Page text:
001 - title image

The development of Physella,
a Freshwater Snail
2nd part


Most of the pictures were taken through a 10x objective and a 10x ocular , with a resolution of 640 x 480 px. (if there is no contrary indication in the picture caption). The 480 px side of the pictures measure exactly 1000 microns. Darkfield and various Rheimberg filters were used to give more contrast and definition to the pictures.

Part 1 of series.


Almost all the freshwater gastropods put their eggs in jelly-like masses adhered to different surfaces (stones, leaves and stems of submerged plants). At the aquarium they choose generally the glass walls where they are easily visible like little discs, in some species, or with a horseshoe shape like in the one shown below.

010 - ootheca

This picture was taken using the trick that I name " The Köhler microscope" using the 10x objective. The longer side of the picture is more or less 1 cm long.

The picture shows a gelatinous ootheca that contains 90 transparent eggs, which allows us to easily follow the embryo development. The eggs recently laid have a cytoplasm full of yolk and with a big nucleus. In just a short time the egg  divides into two cells, soon into four, 8, 16 cells and form at the end a morula, that is to say, a spherical and compact mass of more or less spherical cells (of course the name comes from the similarity of this embryo with the fruit of the Morus sps. trees, the mulberries). From now on, it is more difficult to follow the detailed development, because the most important changes happen in the interior of the embryo, and it would need the aid of a histologist to identify them.

011 - young embryo
A very young embryo.

 We know that the morula originates as a hollow, more or less spherical blastula, the wall of which is turned inward to form a two layered gastrula. Posterior development produces a new cell layer between the first two and the embryo quickly generates a nervous cord and begins to differentiate the organ systems characteristic of the adult.

012a . symmetrical embrio-1
012b - symetrical embrio.2
An embryo prior to the start of the "torsion" (see text).

 An interesting detail of the development of the mollusks is that they start as “right” and symmetrical, but soon begins a process of asymmetrization and torsion of the visceral mass, at the same time that this is being covered by the segregated calcareous shell.

013-torsion, 1
014 - torsion, 2
 Two embryos that have started the torsion of the visceral mass hump over the flat foot.

The torsion causes the atrophy of the organs in the left side of the body, if torsion is to the right, or on the right side if it is to the left.


015 - mobile embryos
Embryos start to move inside the shell.

When growing, the shell follows the helical torsion process generating the gastropods characteristic spiral. As is logical, with the growth of each successive turn the shell constructs a center axis the “columella”. A beautiful picture of this structure is seen in fig. 33.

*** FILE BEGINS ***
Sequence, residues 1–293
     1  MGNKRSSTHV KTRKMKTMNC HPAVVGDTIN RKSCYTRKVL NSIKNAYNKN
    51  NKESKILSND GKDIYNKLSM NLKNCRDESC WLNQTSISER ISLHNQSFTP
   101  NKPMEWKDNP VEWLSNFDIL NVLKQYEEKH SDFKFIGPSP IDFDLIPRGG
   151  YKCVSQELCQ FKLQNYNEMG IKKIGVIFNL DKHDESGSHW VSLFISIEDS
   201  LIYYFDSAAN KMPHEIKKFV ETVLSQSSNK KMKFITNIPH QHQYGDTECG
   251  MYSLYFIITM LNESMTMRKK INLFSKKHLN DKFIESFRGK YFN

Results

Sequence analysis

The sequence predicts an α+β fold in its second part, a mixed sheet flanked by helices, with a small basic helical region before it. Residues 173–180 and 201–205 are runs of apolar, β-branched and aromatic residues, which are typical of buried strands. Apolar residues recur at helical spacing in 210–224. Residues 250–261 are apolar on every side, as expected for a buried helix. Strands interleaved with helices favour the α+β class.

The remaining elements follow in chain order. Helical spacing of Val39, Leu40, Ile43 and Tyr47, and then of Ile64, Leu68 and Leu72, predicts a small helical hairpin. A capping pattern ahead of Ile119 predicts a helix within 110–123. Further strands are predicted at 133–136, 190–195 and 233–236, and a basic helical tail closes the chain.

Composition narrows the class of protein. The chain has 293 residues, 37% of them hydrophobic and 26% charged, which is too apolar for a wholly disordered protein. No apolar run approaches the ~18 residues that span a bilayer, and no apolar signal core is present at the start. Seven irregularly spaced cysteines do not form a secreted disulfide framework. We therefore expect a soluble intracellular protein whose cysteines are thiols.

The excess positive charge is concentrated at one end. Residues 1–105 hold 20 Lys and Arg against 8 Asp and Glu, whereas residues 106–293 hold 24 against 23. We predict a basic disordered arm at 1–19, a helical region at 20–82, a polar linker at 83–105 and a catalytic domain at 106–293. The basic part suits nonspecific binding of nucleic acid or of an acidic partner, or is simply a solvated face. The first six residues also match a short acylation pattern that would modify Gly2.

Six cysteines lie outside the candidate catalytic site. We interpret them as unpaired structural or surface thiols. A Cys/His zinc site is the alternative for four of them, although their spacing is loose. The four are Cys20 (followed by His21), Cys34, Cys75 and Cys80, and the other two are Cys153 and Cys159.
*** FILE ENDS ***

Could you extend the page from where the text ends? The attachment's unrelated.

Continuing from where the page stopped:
016 - stretching embryo

The embryo is starting to secrete its shell over the visceral hump.The head is in frontal view, with mouth in the center, and the primordium of the left tentacle on the uper side.You can see the thickening at the extreme right of the embryo.

These are two pictures of other more developed embryos.

017 - radula embryo
018 - camara embryo
The digestive system is well developed in this snail embryo.
One can detect the developing radula as a clear band starting at the mouth.
The dark spot in the visceral mass is the developing lung.
You can see also the primordium of one eye.

In just a short time the little snails begin to move within the egg, as the shown in the following animations.

019 - active embryo 1
020 - active embryo 2

If you look closely at some of the more sluggish embryos, you can see the beat of the heart of the growing embryo.

021 - hearth beating

Soon they break through the egg’s shell and leave it. The youthful individuals are beautiful photogenic subjects.

023 - hatching 1
hatching 2

 Two pictures of the embryo breaking through the egg shell.

025 - empty shell
 One empty shell.

026 - newborn 1
027 - newborn 2
Exploring the world.

028 - dorsal view
029 - -dorsal, labels

030 labeled shells
031 - empty shells
Morphology of the conch. The shells are 1 cm high.

032- columella
This one picture was a cut-out of a stereoscopic pair. It depicts the beauty of a radioscopy of a busycon shell. Of course I don't know anything that can show mor eclearly the genesis of the columnella. Those that want to see the original must visit this site:

       Peter Abraham .- Stereo X-rays of sea shells

Comments to the author, Walter Dioni , are welcomed.


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